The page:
This is a case of getting what you pay for – if you want a better screen with 100% or more sRGB and a nonreflective surface to look for the HP x360 Spectre or a ZenBook Flip 3 at much higher prices.

The Inspiron 13 is not a games laptop but will play any browser based game with ease.

Keyboard and trackpad

I used it for three days straight during travel, mainly for word processing, Web, and movies. The key throw is 1.3mm/55g – less than the ideal of 1.5mm/60g of Surface Book or HP x360 Spectre. It will slow down touch typing a tad – I experienced a reduction of about 20% over the Surface Book.

Don’t get me wrong – it’s a good, solid, backlit keyboard and 99% of users will be very happy.

The oversized, burnished finish, trackpad is excellent – it will move the cursor from top right to bottom left of the screen in one swipe. It even has a defined left and right click regions. It supports two-finger swipes and three-finger app-switch gestures.

Webcam and audio

It is a .9MP, 720p webcam and frankly, that is all you need for Skype calls etc. Any more and you chew up too much data bandwidth. Importantly, it supports Windows Hello IR login (quick and fast) and obviates the need for a fingerprint scanner which it does not have.

It has twin down firing speakers. The speakers in their natural “Realtek” state are “flat” – an analytical sound signature. You can use the Dell Audio Waves MaxxAudio Pro app to pump up to your tastes and it has some presets that take the guesswork out of setting it up for pop, rock, etc.

This raises a philosophical issue and one not aimed at Dell – why don’t manufacturers focus on the speaker and amp quality instead of using the standard Realtek Audio drivers? Some do, and invest in Harman Kardon, Bose or other brands of tuned speakers and Hi-Res audio but you pay much more.

But the real answer is that at this price I would rather have the Dell with Realtek and MaxxAudio as it is fine for personal use.


Dell loads a fair bit of bloatware apart from its Support Assist and Power Manager. Fortunately, a quick visit to Programs and Features is all you need to clean it up and that makes a big difference to background apps and battery life.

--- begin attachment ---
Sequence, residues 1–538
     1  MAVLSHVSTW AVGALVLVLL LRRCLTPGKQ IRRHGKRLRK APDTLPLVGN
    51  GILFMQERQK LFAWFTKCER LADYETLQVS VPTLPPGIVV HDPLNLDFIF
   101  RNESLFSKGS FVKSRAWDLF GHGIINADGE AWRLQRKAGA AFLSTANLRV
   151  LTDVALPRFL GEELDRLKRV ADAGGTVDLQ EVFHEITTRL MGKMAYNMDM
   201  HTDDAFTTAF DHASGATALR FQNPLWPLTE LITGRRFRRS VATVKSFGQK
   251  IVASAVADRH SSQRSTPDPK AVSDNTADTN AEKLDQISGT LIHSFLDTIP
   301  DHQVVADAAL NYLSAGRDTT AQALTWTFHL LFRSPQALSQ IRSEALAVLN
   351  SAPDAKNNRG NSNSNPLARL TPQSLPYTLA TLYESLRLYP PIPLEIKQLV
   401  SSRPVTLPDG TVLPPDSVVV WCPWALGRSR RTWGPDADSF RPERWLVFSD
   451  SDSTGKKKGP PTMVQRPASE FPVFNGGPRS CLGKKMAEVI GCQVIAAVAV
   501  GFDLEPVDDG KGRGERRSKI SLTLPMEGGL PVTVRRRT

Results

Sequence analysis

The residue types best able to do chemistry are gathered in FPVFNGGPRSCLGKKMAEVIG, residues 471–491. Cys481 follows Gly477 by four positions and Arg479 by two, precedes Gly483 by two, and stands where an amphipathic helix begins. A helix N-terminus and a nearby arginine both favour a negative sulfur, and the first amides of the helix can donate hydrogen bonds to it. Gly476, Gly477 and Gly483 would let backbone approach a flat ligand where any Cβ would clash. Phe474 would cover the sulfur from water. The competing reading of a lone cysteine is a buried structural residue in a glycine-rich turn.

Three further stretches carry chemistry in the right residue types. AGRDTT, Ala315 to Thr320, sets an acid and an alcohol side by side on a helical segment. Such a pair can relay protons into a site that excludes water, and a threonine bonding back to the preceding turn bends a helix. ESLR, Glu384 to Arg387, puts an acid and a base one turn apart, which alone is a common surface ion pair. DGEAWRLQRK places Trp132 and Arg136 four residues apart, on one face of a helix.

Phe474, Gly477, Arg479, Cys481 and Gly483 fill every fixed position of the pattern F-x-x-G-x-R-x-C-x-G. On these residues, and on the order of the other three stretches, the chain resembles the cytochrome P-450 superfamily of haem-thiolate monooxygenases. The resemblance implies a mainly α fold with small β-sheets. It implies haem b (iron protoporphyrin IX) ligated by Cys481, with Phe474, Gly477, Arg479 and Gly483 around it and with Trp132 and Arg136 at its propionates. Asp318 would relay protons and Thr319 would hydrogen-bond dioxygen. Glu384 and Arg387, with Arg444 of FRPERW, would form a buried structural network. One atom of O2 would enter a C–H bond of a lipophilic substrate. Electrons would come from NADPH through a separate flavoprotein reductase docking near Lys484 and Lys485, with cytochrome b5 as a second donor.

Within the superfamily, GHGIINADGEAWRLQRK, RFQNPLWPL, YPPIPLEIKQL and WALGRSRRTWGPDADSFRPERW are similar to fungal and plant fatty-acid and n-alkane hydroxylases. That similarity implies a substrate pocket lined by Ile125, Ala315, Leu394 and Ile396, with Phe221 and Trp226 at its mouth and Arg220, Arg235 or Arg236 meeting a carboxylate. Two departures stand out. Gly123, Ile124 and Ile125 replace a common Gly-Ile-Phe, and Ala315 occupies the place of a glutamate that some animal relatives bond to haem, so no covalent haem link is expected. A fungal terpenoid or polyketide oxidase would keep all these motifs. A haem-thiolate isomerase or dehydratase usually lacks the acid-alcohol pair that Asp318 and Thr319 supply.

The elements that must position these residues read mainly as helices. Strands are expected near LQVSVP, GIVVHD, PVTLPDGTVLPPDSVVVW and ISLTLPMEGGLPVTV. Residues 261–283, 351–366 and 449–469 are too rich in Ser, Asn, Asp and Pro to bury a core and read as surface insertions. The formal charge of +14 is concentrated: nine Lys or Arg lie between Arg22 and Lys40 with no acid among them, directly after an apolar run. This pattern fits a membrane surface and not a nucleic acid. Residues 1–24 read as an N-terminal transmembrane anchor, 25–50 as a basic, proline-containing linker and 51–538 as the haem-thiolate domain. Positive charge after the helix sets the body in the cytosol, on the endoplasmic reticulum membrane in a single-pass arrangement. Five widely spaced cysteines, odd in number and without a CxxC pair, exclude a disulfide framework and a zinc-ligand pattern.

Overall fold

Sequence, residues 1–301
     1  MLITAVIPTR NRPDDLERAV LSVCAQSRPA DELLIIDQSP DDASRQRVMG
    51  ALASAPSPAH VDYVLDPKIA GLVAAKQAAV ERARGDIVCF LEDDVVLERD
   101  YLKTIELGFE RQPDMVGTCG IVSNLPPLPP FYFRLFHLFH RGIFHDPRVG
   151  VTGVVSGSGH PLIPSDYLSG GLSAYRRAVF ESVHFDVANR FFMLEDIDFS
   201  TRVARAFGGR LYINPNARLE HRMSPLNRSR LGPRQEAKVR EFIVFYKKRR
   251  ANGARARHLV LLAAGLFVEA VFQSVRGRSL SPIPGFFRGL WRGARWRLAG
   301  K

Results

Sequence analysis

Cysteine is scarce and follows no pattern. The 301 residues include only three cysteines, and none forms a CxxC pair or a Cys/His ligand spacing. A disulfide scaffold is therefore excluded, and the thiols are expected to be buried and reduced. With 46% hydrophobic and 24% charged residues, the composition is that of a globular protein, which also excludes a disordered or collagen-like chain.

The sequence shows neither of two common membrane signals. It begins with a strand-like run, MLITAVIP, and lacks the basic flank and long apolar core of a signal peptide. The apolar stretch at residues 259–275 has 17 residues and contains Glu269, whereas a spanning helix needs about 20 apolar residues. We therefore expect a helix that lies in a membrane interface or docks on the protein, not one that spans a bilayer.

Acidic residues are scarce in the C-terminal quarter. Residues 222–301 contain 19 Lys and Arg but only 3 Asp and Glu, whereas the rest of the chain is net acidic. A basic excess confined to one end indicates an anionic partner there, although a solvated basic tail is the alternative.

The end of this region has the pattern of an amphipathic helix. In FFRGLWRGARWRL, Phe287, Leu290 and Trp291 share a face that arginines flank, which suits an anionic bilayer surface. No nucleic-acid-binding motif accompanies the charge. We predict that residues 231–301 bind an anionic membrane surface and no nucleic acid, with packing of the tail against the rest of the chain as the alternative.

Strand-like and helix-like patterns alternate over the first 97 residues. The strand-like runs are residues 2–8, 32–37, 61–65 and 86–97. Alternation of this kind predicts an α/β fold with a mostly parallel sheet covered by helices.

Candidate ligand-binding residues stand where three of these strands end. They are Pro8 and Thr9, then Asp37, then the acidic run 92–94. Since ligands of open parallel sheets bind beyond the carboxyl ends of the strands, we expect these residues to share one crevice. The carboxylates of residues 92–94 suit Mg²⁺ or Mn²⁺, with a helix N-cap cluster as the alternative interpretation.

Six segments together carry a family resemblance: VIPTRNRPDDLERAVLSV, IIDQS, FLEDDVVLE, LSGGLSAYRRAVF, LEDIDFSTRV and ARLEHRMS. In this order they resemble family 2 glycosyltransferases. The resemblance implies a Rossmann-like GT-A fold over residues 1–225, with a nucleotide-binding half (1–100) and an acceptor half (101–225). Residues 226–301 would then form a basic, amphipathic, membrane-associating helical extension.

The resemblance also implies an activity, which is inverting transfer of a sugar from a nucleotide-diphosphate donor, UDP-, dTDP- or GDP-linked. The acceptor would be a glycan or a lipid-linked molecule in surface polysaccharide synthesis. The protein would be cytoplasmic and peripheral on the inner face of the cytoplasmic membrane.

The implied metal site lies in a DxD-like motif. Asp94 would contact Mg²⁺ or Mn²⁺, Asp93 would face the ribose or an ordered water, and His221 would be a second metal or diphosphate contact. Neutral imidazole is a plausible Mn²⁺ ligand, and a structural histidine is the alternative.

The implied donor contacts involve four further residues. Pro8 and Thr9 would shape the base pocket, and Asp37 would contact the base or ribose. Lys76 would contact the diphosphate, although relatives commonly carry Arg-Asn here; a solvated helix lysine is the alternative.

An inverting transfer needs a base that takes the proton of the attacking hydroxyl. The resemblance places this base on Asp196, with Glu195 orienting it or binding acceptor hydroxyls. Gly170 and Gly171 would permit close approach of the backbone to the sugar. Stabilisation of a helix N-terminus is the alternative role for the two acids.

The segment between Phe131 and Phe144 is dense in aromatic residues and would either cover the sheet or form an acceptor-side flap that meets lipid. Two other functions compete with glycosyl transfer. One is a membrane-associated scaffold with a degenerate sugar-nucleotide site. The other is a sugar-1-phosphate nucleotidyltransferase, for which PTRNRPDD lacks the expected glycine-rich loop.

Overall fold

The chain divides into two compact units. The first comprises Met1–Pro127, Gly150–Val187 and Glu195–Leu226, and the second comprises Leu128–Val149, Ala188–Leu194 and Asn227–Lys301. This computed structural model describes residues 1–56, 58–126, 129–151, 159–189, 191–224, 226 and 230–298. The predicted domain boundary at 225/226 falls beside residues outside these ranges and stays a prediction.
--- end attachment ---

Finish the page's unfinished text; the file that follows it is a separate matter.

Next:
• Great build quality
  • Affordable – probably the best value/features for the price
  • USB-C and full-size HDMI, USB-A etc


  • Keyboard is good but not as fast as some competitors
  • Battery life is fine but again, not as long as some competitors
  • At 1.7kg it is a 360° notebook – too heavy for a tablet


It is a sturdy, small laptop rather than a true 2-in-1 tablet (may brands call this 4-in-1 – clamshell, tabletop, tent and tablet).

Dell I13 tent

For what you pay — it is at the budget end — you get a lot. My favourites in the 360° hinge style are an HP x360 Spectre and Zenbook 3 Flip and you won’t get any change from $2500 and can spend a lot more.

So, on that basis, it gets the nod as a good device at a good price and is backed by Dell support.

JB Hi-Fi has it with the i7-7500U/8/256GB at $1498 and the 16/512GB at $1898.

Dell XPS 13 ports


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Ray Shaw

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Ray Shaw  has a passion for IT ever since building his first computer in 1980. He is a qualified journalist, hosted a consumer IT based radio program on ABC radio for 10 years, has developed world leading software for the events industry and is smart enough to no longer own a retail computer store!